God on the Rocks: Distilling Religion, Savoring Faith brings together at least three main plot-lines, it seems, reoccurring themes that surround the episodes that are well told and delightfully specific, as any memoir must be. Yet, these are (as good novels and memoirs are) somehow universal, enabling readers to resonate with this story, even if their own experiences are dissimilar. My life is not at all like his, but I somehow related well to it. The mark of a good book, no?
In a set of enjoyable, almost stand-alone chapters, Madeira offers snapshots of his life, while the themes of family, faith, and music are intertwined, over and over again.
A COMING OF AGE STORY: SNAPSHOTS OF A LIFE
First, God on the Rocks is a coming of age tale (and he comes of age a few times, it seems, as this memoir chronicles his various stages and phases of a fascinating life journey that is restless and evolving.) Firstly, though, it is of a boy raised in a conservative fundamentalist family. Not unlike the crazy memoir Crazy for God by Franky Schaeffer (who endorses this book, by the way) Madeira tells how he loves his family, and respects them in many ways, colorful as they may be, and disagreeing with them as he does. His mother and father were different in notable ways, and, naturally, his relationship with both were distinct. His disagreements with both, but especially his mother, were at times weighty; his love for them enduring. As he came to question some of what they believed, and the way they believed and lived it, conflict arises which causes tension, anxiety, and irresolution. Can you relate?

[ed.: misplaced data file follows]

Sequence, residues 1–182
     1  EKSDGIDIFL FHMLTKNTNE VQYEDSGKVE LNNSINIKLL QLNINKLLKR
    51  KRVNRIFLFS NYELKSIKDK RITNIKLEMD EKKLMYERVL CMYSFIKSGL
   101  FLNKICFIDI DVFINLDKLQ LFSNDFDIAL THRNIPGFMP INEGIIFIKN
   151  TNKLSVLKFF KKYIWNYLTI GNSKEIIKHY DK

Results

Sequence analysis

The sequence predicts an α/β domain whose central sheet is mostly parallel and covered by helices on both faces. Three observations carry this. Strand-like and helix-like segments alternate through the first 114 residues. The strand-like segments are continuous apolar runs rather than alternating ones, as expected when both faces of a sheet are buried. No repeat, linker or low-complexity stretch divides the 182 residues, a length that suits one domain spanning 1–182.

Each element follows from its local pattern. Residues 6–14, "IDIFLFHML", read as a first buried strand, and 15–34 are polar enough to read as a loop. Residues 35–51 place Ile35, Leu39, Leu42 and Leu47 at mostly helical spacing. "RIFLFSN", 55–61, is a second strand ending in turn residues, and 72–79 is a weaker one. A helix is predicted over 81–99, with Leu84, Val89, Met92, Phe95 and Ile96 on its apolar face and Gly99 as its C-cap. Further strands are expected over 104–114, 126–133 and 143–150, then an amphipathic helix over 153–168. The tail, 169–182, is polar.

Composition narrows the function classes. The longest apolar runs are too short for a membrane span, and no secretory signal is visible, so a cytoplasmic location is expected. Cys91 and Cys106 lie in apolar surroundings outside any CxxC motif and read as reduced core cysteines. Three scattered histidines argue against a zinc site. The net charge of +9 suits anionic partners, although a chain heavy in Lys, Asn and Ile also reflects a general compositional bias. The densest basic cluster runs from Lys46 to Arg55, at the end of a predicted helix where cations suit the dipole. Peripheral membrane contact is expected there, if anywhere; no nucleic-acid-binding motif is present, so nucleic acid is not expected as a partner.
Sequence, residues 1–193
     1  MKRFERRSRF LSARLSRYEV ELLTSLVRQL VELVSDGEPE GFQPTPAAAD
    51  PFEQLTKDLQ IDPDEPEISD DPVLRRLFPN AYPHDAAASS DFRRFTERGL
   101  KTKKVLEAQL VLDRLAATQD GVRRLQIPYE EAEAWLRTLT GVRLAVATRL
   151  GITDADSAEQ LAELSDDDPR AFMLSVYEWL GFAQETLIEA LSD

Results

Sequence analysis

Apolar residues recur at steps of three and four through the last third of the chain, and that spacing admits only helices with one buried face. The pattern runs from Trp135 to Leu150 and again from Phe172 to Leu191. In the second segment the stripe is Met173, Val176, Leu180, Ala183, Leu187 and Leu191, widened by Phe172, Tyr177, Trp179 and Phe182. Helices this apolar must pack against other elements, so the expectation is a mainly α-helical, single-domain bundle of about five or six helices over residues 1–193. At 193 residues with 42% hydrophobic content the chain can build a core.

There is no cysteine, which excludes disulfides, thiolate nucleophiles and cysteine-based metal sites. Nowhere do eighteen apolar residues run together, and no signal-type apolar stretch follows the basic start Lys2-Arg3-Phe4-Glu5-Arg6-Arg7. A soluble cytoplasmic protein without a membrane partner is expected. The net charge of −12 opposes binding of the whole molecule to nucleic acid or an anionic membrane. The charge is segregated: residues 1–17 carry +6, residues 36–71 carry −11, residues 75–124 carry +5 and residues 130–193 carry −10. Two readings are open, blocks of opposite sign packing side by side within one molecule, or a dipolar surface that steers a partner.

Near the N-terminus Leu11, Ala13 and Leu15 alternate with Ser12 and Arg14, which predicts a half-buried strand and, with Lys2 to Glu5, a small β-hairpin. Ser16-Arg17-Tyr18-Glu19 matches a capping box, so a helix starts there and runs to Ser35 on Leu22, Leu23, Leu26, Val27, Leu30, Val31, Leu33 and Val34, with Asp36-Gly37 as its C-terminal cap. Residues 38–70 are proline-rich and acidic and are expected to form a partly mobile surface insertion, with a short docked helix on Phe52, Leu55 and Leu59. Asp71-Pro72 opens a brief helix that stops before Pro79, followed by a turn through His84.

But yet, it was a mostly happy, if quirky, childhood. Get a glimpse of his boyhood from the chapter “Happy Feet.”
As teenage boys, my brother David and I had a Yuletide strategy. Our shoulders shrugged with the knowledge that many our presents would be mundane – socks, a tie, a tie clip, a devotional book from Mom, and Old Spice from Dad: the usual stuff. Thus, every Advent, we whispered what we each wanted from his brother. It would always be a rock ‘n’ roll recording, the one thing our parents were not going to spend money on.